In 1989, Campbell retired as director of Hoover and replaced by John Raisian, a change that was seen as the end of an era.[24] Raisan served as director until 2015, and was succeeded by Thomas W. Gilligan.[25]

George W. Bush administration (2001–2009)

President George W. Bush awarded the National Humanities Medal to the Hoover Institution in 2006.[26]

Former United States Secretary of Defense Ash Carter speaks about defense innovation at the institution in Washington, D.C.

Trump administration (2017–2021)[edit]

Former Secretary of States Condoleezza Rice and Rex Tillerson during a public session in the institution's forum.

The Trump administration maintained close ties with the institution and multiple Hoover affiliates were assigned top positions in government. Scott Atlas, one Hoover fellow, was known for pushing against public health measures as a top Trump advisor in the COVID-19 pandemic, and was condemned in a Stanford faculty vote.[27]

In August 2017 the David and Joan Traitel Building was inaugurated. The ground floor is a conference center with a 400-seat auditorium and the top floor houses the Hoover Institution's headquarters.[28]

In 2020, Condoleezza Rice succeeded Thomas W. Gilligan as director.[25]


At any given time the Hoover Institution has up to 200 resident scholars known as Fellows. They are an interdisciplinary group studying political science, education, economics, foreign policy, energy, history, law, national security, health and politics. Some hold joint appointments as lecturers on the Stanford faculty.[29]

During Stanford University faculty senate discussions on closer collaboration between the university and the Institution in 2021, Rice "addressed campus criticism that the Hoover Institution is a partisan think tank that primarily supports conservative administrations and policy positions" by sharing "statistics that show Hoover fellows contribute financially to both political parties on an equal basis", according to the university's newsletter.[5]


The Institution has libraries which include materials from both the First World War and Second World War, including the collection of documents of President Hoover, which he began to collect at the Paris Peace Conference of 1919.[30] Thousands of Persian books, official documents, letters, multimedia pieces and other materials on Iran's history, politics and culture can also be found at the Stanford University library and the Hoover Institution library.[31]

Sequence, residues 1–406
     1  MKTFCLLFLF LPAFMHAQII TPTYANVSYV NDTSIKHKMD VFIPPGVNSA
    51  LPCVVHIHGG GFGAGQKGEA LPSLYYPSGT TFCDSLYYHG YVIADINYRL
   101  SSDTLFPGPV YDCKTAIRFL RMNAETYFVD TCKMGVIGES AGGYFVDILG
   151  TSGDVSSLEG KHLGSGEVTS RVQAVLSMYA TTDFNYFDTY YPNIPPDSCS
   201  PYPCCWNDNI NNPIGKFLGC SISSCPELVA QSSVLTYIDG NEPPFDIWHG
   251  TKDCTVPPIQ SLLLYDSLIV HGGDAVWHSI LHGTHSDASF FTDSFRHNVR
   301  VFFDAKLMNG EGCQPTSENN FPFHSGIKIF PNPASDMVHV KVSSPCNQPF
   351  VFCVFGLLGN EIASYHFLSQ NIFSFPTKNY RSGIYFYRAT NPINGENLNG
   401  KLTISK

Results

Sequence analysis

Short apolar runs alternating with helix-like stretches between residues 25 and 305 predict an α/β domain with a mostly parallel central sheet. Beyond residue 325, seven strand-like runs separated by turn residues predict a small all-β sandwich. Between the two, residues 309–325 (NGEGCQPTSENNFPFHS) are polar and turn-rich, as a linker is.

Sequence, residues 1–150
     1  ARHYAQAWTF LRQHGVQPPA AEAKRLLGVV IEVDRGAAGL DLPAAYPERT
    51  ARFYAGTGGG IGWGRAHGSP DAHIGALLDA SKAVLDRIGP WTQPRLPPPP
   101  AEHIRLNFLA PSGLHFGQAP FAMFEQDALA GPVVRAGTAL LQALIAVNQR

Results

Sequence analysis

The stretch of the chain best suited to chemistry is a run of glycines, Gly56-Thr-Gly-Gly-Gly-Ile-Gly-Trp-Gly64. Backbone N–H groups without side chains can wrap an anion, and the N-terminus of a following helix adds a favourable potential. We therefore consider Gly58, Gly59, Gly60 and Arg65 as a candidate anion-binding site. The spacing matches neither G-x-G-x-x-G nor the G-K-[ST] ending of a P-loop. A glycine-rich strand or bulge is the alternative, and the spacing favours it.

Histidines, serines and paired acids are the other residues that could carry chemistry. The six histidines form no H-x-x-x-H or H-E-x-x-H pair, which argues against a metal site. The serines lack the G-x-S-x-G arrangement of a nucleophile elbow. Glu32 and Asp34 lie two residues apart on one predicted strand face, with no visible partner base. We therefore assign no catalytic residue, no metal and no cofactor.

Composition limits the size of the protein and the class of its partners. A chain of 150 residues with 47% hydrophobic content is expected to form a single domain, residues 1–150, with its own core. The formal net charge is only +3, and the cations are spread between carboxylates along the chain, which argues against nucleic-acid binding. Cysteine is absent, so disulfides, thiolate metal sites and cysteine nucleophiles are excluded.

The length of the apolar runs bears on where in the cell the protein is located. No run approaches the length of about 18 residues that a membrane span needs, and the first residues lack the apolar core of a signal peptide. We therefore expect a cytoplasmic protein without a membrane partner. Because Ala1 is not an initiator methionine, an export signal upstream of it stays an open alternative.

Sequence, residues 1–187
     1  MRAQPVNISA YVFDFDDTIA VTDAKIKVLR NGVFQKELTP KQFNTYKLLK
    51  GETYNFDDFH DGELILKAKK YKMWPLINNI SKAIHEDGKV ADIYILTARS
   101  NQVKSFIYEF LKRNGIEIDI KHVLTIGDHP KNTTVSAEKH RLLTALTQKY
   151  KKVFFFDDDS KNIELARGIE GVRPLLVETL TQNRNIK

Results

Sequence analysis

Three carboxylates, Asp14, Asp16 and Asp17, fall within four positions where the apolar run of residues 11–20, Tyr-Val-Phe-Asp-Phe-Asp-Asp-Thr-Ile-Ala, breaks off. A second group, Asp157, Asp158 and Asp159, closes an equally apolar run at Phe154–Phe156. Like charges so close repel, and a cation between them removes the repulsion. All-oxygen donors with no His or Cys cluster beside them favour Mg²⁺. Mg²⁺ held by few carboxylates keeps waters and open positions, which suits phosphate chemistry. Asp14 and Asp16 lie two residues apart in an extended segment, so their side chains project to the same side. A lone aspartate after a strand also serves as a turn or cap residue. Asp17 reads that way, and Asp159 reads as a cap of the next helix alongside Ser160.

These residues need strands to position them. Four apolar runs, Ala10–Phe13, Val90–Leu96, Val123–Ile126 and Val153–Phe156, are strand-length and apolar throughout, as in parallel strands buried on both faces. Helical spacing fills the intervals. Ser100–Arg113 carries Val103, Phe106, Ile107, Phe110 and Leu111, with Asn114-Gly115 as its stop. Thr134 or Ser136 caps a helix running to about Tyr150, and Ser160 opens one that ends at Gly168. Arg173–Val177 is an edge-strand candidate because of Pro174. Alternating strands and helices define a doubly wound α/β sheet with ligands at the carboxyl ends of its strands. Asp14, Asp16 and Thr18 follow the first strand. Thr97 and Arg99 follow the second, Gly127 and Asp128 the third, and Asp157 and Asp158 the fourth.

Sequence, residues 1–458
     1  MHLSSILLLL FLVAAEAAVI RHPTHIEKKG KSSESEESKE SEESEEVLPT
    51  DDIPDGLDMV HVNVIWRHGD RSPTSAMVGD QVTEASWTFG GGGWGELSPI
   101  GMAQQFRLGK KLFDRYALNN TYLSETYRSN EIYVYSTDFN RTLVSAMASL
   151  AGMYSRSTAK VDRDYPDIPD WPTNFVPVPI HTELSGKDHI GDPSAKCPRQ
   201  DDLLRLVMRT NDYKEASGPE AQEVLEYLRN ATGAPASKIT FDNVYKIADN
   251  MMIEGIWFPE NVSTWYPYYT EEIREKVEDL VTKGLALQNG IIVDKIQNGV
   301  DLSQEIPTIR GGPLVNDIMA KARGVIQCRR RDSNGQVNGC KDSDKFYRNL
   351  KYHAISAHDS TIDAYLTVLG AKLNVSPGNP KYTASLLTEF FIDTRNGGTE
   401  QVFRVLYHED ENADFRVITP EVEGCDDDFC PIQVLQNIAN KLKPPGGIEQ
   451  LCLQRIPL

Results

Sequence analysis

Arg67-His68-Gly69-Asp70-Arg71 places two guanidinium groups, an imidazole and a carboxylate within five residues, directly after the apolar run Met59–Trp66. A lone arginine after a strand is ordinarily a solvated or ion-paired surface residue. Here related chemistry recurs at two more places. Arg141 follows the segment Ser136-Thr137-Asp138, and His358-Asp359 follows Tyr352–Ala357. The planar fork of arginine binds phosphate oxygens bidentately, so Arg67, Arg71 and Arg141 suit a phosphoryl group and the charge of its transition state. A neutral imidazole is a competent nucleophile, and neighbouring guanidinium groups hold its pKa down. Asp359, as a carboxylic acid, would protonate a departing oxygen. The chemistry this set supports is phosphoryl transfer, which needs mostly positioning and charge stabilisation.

View of the Hoover Institution's headquarters, including the Hoover Tower, among the Stanford University campus.


The Hoover Institution's in-house publisher, Hoover Institution Press, produces publications on public policy topics, including the quarterly periodicals Hoover Digest, Education Next, China Leadership Monitor, and Defining Ideas. The Hoover Institution Press previously published the bimonthly periodical Policy Review, which it acquired from The Heritage Foundation in 2001.[32] Policy Review ceased publication with its February–March 2013 issue.

The Hoover Institution Press also publishes books and essays by Hoover Institution fellows and other Hoover-affiliated scholars.


The Hoover Institution receives nearly half of its funding from private gifts, primarily from individual contributions, and the other half from its endowment.[33]

Funders of the organization include the Taube Family Foundation, the Koret Foundation, the Howard Charitable Foundation, the Sarah Scaife Foundation, the Walton Foundation, the Lynde and Harry Bradley Foundation, and the William E. Simon Foundation.[34]